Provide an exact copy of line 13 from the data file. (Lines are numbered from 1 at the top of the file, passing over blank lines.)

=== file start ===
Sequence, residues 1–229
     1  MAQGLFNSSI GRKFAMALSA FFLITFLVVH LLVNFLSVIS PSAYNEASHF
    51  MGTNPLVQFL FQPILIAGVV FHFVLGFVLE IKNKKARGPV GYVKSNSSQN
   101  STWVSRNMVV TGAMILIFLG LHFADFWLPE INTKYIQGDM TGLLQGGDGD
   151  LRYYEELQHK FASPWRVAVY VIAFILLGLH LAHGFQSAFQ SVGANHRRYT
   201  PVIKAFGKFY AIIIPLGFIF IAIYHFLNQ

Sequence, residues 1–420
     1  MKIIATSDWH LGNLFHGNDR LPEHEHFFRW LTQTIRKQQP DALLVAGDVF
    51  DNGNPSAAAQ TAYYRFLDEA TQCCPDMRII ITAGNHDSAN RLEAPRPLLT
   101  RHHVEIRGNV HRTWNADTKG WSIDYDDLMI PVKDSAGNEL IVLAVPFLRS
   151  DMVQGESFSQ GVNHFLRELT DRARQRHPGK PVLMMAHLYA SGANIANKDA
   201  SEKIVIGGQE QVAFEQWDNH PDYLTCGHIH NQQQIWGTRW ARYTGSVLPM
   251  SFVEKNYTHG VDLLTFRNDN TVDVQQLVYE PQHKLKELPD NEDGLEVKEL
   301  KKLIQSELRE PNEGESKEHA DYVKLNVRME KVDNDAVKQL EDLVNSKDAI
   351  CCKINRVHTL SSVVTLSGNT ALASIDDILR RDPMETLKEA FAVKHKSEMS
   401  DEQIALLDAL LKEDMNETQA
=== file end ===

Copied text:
   251  SFVEKNYTHG VDLLTFRNDN TVDVQQLVYE PQHKLKELPD NEDGLEVKEL